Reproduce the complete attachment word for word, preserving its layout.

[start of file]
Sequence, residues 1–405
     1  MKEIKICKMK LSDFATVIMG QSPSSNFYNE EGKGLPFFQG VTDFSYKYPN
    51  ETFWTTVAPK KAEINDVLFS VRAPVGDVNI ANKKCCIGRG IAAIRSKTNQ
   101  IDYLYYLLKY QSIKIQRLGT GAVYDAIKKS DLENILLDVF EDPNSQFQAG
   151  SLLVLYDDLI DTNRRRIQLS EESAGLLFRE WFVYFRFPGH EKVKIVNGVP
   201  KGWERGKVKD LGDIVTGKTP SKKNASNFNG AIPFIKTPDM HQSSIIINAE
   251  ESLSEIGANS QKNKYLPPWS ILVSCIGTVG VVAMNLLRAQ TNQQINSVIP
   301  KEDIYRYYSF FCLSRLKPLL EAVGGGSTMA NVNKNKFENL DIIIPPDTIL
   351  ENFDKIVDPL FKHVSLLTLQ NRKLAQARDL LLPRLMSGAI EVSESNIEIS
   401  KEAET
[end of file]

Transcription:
Sequence, residues 1–405
     1  MKEIKICKMK LSDFATVIMG QSPSSNFYNE EGKGLPFFQG VTDFSYKYPN
    51  ETFWTTVAPK KAEINDVLFS VRAPVGDVNI ANKKCCIGRG IAAIRSKTNQ
   101  IDYLYYLLKY QSIKIQRLGT GAVYDAIKKS DLENILLDVF EDPNSQFQAG
   151  SLLVLYDDLI DTNRRRIQLS EESAGLLFRE WFVYFRFPGH EKVKIVNGVP
   201  KGWERGKVKD LGDIVTGKTP SKKNASNFNG AIPFIKTPDM HQSSIIINAE
   251  ESLSEIGANS QKNKYLPPWS ILVSCIGTVG VVAMNLLRAQ TNQQINSVIP
   301  KEDIYRYYSF FCLSRLKPLL EAVGGGSTMA NVNKNKFENL DIIIPPDTIL
   351  ENFDKIVDPL FKHVSLLTLQ NRKLAQARDL LLPRLMSGAI EVSESNIEIS
   401  KEAET